Bringing these internal and external landscapes together in her works, Cape has produced compelling and visually beautiful self-portraits. At their heart, Cape’s work illustrates the post-modernist human desire to struggle against and break free of the past ‘to touch life’.
Chris Langlois, ‘Works on paper’ at Olsen Annex
Chris Langlois does not have to stray far from his home on Sydney’s northern beaches to find inspiration. The diffused light off Avalon Beach and the seemingly unreachable horizon have long inspired the artist’s subdued palette. Langlois often pulls exquisitely rendered clouds across his vast painted landscapes, bringing an emotional depth and complexity to the otherwise still scene.
In Langlois’ paintings however these elements sublimely combine to act as a metaphor for the ephemeral nature of humankind, highlighting our vulnerability and anxieties in an uncertain, changing world. Clouds seem capable of dissolving, reforming and land masses hold stubbornly in the frame, immutable.
In this exhibition, Langlois portrays ancient landscapes, with exquisitely drawn ghost gums buttressing against the bare and decaying river plains. Tangled mallee roots impossibly holding the parched earth together. Dry river beds furtively carving their way across parched ground, waiting the drought-busting rains that will someday come. This is the cycle of things. But for the viewer, the landscape reaches out. Reaches out to open the viewer’s mind to the transient nature of many things, and the permanence of some.
Alan Jones, ‘Etchings and Lithographs’ at Olsen Annex (7-23 November 2019)
Artist Alan Jones seems everywhere. And for good reason. The artist and his works are in high demand. He is critically acclaimed and awarded, and a strong presence on the Australian and international art scene. Although I know he prefers to see himself foremost as a loving father and husband.
And it is this emotion that imbues his paintings. Jones’ paintings, gouache sketches and lithographs are autobiographical. But his experiences are shared. These bold landscapes are at once familiar. They portray those places visited by families on a joyful day out, creating memories to nurture them through life’s travails. Places where young lovers hope to learn of each other. Places where grieving individuals looking perhaps can find solace. They are the places we inevitably return to. They are the places that remain, while life passes by. They are places to examine the hopes and anxieties that grip tightly around us, and reclaim our dominant self.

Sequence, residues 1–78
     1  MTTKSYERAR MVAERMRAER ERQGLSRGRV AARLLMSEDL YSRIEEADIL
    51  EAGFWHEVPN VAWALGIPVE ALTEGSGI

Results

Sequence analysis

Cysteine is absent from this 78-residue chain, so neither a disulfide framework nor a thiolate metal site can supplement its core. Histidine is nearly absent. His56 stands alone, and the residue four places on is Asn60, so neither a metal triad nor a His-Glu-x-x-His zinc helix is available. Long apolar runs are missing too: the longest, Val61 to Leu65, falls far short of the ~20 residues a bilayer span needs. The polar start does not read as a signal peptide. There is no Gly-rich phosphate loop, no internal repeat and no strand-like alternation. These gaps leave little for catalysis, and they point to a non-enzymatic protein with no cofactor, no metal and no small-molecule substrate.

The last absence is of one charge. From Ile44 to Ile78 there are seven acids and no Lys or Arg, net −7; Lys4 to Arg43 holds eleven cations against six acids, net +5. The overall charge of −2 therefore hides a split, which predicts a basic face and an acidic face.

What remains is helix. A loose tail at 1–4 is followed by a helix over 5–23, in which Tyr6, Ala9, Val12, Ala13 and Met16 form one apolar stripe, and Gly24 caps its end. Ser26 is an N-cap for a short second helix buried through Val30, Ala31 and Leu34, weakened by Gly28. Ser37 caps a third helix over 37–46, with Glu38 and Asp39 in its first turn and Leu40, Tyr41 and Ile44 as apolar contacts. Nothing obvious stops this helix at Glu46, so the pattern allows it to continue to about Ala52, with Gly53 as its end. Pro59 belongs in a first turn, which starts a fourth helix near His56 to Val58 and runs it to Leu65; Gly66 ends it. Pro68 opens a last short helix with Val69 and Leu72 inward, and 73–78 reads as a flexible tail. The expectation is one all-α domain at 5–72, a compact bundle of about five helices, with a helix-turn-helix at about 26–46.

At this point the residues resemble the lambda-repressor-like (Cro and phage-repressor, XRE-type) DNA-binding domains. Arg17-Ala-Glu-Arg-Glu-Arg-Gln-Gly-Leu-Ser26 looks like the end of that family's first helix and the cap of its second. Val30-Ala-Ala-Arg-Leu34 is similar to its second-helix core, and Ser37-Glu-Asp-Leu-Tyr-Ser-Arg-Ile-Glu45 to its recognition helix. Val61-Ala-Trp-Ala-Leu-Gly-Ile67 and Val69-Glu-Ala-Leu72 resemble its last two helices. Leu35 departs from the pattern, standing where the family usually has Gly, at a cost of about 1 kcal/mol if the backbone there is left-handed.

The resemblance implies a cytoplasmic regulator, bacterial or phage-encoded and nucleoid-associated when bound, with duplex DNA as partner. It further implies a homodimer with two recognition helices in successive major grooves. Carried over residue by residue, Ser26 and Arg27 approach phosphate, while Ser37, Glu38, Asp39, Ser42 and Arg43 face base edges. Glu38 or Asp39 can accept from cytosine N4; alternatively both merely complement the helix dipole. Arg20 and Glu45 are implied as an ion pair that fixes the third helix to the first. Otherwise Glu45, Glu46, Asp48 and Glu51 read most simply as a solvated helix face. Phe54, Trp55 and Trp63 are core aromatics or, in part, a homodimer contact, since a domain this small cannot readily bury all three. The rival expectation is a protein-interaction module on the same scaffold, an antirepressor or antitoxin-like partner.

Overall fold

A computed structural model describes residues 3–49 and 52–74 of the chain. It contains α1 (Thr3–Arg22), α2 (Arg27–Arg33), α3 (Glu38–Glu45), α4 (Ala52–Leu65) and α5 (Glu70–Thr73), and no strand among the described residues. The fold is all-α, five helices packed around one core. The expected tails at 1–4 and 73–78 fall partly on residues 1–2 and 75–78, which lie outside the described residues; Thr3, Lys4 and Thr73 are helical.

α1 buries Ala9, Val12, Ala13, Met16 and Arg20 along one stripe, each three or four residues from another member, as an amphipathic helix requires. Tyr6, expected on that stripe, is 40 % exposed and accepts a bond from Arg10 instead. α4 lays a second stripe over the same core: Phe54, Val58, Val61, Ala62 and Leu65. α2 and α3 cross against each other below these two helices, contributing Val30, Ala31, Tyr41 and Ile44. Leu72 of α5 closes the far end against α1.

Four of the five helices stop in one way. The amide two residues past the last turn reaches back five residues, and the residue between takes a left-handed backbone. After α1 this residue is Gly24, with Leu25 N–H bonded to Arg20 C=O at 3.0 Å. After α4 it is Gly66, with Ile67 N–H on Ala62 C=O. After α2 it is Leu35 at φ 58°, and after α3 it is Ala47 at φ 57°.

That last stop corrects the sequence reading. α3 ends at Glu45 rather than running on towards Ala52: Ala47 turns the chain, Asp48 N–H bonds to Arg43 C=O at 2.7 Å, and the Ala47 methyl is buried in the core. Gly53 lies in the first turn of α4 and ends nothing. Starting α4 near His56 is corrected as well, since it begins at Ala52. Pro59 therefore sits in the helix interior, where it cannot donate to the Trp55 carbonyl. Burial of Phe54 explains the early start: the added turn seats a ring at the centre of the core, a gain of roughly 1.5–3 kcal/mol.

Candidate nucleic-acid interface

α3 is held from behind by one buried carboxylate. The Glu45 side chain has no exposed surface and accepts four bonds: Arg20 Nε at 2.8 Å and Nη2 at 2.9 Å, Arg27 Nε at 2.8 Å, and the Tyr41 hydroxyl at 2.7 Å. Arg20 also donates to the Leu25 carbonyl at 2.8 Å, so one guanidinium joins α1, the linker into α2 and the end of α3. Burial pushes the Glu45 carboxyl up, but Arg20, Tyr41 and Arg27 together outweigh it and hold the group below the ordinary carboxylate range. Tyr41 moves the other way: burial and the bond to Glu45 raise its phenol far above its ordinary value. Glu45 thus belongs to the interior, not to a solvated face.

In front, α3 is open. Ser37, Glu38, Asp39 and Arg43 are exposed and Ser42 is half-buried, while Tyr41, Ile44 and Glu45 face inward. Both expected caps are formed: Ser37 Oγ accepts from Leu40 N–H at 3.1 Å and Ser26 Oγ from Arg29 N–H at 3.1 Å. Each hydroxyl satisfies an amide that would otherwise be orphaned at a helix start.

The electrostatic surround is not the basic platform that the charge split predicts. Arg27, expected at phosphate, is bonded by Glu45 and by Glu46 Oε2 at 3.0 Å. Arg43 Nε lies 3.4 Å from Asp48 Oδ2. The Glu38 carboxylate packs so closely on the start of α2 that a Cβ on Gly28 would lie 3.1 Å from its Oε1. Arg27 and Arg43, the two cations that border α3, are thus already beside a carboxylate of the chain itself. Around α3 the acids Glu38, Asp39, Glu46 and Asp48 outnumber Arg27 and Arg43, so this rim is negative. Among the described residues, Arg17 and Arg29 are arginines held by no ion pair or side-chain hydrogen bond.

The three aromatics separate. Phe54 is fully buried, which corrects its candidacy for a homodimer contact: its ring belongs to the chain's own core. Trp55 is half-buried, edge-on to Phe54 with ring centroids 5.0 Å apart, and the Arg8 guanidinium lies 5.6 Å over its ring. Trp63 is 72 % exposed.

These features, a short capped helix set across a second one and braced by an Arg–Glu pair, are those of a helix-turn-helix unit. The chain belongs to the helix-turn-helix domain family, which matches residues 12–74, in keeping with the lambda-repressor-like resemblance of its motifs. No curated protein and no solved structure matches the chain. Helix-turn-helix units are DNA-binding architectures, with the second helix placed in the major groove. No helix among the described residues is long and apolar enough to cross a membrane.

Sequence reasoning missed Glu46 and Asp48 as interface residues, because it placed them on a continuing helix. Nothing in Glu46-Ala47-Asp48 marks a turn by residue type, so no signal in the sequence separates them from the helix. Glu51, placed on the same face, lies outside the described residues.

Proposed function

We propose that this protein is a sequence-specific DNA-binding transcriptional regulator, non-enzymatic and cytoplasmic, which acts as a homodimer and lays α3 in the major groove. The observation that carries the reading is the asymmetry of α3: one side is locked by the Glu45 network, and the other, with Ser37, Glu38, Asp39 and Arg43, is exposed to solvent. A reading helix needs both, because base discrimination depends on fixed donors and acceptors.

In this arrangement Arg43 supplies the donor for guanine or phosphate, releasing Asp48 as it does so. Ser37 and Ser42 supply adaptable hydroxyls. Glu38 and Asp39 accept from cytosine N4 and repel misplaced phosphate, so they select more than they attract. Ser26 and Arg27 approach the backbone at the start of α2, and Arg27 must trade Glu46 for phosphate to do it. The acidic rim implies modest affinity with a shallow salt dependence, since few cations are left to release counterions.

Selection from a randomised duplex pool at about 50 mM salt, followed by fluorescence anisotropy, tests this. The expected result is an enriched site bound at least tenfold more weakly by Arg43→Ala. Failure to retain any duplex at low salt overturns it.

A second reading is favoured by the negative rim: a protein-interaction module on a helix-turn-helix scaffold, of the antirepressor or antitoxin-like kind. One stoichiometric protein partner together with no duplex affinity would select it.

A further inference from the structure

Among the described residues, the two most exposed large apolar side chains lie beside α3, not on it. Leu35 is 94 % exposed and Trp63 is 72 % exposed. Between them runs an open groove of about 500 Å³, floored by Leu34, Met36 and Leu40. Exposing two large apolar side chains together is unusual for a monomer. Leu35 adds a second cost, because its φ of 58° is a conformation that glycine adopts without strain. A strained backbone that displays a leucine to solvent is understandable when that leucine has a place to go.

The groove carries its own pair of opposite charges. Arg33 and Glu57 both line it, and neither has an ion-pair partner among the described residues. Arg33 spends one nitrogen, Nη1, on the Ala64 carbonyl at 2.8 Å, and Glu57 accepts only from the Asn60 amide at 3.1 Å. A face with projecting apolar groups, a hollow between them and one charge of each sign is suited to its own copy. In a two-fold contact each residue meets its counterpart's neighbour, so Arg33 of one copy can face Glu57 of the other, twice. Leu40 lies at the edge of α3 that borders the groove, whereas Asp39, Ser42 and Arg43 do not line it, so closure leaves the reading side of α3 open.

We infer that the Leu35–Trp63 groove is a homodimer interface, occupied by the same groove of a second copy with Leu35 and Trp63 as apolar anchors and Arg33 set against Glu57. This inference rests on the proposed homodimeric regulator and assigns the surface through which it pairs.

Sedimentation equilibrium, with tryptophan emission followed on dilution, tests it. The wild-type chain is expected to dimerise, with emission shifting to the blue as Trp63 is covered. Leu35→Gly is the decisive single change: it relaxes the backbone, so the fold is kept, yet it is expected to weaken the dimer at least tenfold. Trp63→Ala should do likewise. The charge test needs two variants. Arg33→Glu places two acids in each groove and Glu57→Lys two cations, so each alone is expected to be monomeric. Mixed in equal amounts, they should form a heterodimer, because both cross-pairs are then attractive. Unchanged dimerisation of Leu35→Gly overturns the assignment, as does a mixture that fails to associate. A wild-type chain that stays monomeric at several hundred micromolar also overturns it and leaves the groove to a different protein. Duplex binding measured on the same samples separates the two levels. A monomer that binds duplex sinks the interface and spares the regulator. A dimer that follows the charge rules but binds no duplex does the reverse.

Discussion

Jones’ imagery is refined. Man-made structures anchor many of his paintings, providing a focal point. Drawing back, the landscape opens up. At first, a smile crosses the face of the viewer. But often something more sinister is going on. Not only in the work itself, but in the mind of the observer. The smile nervously slips away. We are swamped by our thoughts. We are left feeling that we are witnessing something that is lost or could be taken away in a heartbeat.
But Jones’ paintings are not melancholy. They hold a certain duality. We come to appreciate and love those things that matter most to us and outlast.
Duality in art
The old Eveleigh Railway Workshops are a monument to conflicting ideas, times and values. Its austere aged buildings peculiarly today stand as testament to the transient nature of progress, and humankind’s determination to rationalise and shape its future – to embrace continual renewal in the name of modernisation and industrialisation. But their changing purpose over time paradoxically embraces new ways of seeing the world.
Post-Modern thinking embraces contradiction. It references necessity, Modernism. Baudelaire was right. Good art is more often intrinsically contradictory. It is the successful and poignant blending of two parts. For whatever is ‘eternal and immutable’ points to that which is not.
In this, the art Julian Meagher, Sophie Cape, Chris Langlois and Alan Jones succeeds.
- Julian Meagher, The space into Bicheno at Olsen Gallery runs till 12 October
- Sophie Cape, Ghosts are but shadows at Olsen Annex runs till 5 October
- Chris Langlois , Works on Paper at Olsen Annex 10 – 26 October
- Alan Jones at Olsen Annex 1 – 16 November
Andrew McIlroy, ‘Ghosts of the past: The art of Julian Meagher, Sophie Cape, Chris Langlois and Alan Jones’, www.andrewmcilroy.com, 2 October 2019.
Andrew McIlroy is an artist and arts writer, living and working in Melbourne, Australia.